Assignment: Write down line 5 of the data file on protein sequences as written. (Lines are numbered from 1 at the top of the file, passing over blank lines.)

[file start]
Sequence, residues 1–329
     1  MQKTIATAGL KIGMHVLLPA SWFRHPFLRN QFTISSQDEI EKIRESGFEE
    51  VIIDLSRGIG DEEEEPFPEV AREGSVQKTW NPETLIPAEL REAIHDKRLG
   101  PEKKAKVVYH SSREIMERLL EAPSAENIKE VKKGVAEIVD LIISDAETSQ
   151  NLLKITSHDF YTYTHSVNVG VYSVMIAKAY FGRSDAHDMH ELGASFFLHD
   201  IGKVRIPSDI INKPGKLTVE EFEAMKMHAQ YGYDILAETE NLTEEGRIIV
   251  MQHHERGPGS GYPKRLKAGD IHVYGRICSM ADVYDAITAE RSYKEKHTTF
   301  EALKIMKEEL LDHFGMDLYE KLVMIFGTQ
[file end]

   151  NLLKITSHDF YTYTHSVNVG VYSVMIAKAY FGRSDAHDMH ELGASFFLHD